With Viral marketing-type campaigns often the trick is to present something utterly ridiculous as fact and get people to believe it's a real thing. There was an example of a youtube video consisting of a HUGE waterslide some guys had built. You saw them slide down it, jump off the end and land perfectly in a small paddling pool. A while after this had circulated (views in the millions), I believe it was leaked that it was faked and a viral ad for an FX studio. I may be wrong, but that's the story I've heard thrown around a lot.

    There are plenty of other examples of such campaigns though. Like the scandinavian [?] musician who created an anonymous account on youtube, a created very symbolic, short music videos intended to create a kind of "man hunt". I don't know if it was ever revealed but people became very sure it was one artist in particular. Thing is, whether or not it was intended by that artist, she's gotten more interest in her more public music.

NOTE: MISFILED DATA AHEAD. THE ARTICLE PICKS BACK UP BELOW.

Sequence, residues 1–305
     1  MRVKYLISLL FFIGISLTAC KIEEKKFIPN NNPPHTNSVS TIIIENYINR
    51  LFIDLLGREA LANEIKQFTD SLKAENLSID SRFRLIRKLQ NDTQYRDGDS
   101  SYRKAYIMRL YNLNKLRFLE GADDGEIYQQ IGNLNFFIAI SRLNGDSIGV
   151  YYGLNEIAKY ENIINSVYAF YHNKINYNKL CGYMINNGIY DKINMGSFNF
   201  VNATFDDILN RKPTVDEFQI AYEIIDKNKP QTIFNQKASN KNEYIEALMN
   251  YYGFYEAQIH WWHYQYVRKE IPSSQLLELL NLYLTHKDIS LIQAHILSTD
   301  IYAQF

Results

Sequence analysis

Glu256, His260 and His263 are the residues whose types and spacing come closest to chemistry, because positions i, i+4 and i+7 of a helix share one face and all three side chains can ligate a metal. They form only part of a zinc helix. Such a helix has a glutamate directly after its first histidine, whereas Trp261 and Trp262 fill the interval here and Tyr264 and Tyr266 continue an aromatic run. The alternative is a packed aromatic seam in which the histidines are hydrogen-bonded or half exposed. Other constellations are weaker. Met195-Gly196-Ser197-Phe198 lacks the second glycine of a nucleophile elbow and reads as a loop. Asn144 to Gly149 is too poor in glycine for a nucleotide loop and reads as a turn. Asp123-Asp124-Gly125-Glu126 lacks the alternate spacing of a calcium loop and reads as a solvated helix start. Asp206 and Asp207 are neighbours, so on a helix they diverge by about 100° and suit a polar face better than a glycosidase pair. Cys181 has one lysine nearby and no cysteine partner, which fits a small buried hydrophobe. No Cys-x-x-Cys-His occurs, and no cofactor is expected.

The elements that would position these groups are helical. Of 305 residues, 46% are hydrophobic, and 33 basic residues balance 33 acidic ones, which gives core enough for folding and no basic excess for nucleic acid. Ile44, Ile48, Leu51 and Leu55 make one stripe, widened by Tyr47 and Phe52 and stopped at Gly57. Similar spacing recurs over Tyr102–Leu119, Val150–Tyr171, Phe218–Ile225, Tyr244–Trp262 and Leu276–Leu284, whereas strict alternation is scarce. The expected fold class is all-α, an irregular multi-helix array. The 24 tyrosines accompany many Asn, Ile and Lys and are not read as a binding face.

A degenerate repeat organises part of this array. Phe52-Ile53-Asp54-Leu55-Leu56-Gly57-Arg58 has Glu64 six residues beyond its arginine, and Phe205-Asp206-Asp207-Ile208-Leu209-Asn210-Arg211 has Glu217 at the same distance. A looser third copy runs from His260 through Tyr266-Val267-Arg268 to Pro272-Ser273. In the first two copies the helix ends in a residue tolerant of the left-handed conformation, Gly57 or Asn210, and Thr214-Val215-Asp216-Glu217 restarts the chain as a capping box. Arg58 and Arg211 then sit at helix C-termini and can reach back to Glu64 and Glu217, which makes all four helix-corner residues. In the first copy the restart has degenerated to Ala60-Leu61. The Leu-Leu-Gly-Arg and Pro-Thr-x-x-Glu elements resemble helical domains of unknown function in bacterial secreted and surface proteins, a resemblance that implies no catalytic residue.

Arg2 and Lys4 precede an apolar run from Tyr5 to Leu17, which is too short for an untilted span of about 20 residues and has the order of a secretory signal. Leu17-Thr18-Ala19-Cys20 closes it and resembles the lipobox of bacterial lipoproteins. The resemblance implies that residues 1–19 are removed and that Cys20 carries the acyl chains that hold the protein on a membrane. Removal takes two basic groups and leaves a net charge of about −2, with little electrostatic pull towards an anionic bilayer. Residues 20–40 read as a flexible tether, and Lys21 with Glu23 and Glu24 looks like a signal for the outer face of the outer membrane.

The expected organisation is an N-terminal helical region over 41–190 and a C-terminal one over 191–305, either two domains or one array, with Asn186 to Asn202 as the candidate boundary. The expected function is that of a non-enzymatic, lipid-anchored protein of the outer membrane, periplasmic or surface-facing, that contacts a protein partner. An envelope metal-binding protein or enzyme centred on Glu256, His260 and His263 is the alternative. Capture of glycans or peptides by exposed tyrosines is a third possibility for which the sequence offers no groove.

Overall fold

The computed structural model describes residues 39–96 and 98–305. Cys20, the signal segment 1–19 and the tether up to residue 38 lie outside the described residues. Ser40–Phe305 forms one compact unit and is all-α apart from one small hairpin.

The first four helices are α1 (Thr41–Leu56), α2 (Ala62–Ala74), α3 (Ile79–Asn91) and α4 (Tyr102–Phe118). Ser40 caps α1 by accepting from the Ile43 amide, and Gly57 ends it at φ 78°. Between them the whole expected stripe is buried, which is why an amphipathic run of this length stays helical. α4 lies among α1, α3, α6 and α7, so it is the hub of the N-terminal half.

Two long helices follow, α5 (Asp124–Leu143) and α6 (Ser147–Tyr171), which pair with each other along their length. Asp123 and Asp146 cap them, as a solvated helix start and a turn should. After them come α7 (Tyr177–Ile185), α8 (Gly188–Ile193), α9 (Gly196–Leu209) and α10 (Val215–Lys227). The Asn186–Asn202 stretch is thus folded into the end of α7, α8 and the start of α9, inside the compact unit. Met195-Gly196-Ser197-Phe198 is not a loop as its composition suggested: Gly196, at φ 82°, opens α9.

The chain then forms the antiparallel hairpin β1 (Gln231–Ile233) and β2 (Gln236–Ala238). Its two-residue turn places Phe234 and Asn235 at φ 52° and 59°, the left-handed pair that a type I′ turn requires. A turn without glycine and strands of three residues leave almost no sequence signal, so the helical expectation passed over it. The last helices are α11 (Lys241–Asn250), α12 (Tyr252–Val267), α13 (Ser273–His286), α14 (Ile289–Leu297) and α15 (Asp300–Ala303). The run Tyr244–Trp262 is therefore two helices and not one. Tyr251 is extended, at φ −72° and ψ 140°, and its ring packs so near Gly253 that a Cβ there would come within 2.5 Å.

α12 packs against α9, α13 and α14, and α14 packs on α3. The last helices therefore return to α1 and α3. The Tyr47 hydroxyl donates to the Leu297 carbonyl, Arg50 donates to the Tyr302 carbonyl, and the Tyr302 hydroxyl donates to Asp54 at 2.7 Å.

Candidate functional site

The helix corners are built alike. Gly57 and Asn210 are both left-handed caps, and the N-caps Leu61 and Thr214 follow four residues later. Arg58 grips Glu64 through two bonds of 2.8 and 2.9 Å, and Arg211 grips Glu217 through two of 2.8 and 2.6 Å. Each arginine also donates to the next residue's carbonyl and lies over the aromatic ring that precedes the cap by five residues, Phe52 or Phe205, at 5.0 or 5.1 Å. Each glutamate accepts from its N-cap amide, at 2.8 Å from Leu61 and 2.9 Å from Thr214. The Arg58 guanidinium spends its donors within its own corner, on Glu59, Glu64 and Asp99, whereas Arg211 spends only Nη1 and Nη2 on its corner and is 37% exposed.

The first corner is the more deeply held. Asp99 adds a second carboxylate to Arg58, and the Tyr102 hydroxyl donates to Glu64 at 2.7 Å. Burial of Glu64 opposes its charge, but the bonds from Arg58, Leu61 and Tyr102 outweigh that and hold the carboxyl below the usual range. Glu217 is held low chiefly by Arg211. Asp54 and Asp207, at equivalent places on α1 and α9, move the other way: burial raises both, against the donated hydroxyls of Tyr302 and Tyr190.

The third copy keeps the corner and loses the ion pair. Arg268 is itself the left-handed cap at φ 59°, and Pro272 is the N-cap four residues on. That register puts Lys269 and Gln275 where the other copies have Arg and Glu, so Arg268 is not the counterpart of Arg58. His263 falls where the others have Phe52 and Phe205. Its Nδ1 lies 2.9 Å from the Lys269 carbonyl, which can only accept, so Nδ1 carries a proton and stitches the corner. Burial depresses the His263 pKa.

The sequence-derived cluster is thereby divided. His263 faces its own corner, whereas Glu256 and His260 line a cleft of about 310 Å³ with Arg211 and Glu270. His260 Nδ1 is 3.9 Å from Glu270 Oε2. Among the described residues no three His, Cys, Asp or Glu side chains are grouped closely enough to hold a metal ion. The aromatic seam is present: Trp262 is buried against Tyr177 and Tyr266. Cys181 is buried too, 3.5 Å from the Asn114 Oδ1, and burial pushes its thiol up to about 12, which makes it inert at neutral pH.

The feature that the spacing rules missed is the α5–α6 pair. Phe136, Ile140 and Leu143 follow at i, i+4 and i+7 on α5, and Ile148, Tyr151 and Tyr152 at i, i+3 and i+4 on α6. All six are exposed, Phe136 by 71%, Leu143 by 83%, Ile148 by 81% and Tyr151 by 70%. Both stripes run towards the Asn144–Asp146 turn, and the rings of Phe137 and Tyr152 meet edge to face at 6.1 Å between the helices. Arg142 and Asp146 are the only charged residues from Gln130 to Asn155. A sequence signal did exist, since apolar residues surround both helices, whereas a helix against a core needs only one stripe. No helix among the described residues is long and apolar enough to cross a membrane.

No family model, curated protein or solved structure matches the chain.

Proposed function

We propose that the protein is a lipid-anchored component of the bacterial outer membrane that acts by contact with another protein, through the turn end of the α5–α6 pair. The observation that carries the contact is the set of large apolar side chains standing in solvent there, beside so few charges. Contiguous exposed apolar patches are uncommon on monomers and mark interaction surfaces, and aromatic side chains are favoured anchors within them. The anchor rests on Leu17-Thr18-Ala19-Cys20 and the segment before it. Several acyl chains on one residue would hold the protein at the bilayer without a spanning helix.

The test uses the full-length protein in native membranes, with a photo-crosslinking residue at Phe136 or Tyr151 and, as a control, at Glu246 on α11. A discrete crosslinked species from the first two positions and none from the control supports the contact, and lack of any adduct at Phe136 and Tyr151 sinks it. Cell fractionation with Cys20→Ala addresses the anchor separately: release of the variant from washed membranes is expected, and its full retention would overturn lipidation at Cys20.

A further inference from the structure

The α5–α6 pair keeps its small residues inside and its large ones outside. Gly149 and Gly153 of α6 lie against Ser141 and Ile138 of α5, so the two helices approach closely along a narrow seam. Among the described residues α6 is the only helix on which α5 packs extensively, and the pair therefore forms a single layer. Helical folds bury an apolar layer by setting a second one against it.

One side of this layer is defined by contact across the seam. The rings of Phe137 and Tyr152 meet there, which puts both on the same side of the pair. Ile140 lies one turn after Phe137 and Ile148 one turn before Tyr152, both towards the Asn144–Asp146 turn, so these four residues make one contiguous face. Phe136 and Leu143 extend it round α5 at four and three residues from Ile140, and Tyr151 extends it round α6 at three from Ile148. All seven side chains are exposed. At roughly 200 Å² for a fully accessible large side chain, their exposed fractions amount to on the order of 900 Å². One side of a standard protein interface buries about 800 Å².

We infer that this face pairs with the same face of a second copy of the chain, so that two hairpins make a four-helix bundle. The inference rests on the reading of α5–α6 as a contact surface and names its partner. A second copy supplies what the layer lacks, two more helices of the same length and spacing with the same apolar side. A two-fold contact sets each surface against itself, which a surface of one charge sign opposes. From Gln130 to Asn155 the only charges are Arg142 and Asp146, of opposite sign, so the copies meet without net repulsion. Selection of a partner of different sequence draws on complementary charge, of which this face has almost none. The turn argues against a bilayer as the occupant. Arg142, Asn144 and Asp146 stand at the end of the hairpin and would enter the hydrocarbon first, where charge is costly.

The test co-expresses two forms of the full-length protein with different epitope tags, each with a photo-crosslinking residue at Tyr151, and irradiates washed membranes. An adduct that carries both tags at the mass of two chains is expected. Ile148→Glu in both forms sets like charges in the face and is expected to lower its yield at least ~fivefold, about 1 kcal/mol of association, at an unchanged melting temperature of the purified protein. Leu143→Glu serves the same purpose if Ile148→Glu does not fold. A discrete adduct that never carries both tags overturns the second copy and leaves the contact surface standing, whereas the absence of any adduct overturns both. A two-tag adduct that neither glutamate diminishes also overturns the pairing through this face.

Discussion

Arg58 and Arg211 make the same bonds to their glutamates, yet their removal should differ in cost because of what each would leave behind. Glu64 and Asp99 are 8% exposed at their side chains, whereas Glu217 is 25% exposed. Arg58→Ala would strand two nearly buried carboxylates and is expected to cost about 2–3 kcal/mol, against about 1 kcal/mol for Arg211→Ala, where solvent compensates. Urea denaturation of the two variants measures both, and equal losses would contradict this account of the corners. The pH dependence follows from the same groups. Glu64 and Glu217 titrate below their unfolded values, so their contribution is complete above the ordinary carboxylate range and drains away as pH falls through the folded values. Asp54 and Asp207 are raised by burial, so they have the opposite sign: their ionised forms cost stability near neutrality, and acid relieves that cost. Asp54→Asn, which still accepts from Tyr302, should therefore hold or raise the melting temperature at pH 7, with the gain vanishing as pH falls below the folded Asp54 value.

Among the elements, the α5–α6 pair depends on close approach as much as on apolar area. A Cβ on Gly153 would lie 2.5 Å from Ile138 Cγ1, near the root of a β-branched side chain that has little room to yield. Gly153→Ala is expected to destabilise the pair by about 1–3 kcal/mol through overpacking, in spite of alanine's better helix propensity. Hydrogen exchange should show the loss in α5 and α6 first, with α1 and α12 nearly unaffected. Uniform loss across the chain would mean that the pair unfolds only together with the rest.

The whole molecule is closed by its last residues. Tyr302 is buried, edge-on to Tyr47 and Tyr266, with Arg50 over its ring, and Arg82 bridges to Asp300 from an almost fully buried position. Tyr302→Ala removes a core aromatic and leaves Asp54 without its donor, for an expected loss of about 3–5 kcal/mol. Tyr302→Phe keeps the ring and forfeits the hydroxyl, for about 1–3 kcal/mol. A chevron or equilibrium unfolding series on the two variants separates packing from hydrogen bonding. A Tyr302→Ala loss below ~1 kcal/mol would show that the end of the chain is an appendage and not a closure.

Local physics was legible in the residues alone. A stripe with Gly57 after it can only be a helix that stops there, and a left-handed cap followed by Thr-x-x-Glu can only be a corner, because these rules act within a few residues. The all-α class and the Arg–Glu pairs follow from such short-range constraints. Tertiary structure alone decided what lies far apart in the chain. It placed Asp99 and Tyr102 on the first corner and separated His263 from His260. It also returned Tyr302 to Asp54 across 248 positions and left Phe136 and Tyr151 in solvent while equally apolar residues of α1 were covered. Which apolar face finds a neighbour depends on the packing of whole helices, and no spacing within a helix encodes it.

So you see, when I say watch when you "show your hand", I'm telling you I think you should be careful with telling future followers exactly who Cooper is. I'm not suggesting removing all mention of the books (you wouldn't get any sales at all), nor am I suggesting making it obvious. What I'm saying is, if viral marketing has anything to teach us, you need to tailor this effort as you go along. Change things here and there, see what works...

    Just giving you some ideas from the kind of marketing we've been seeing recently on social media sites, and how marketing has changed since their invention. It's not all that simple any more haha.

    I'm not yet sure how you should proceed with this, but I do think you're on to a good thing here. Especially since Cooper has quite a recognisable "vocal tick" shall we say ;)

    EDIT: I say, keep the links to your books for the moment.
     
    Last edited: Aug 2, 2012
    robertbevan likes this.
  5. Kit

    Kit Maester

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    As soon as I get some chapters up on my weblit-in-progress, I plan to do regular blogposts from the POV of one of my characters. One of the things I like about weblit is the opportunity to interact with readers and have them involved in the storyline.
     
  6. Devor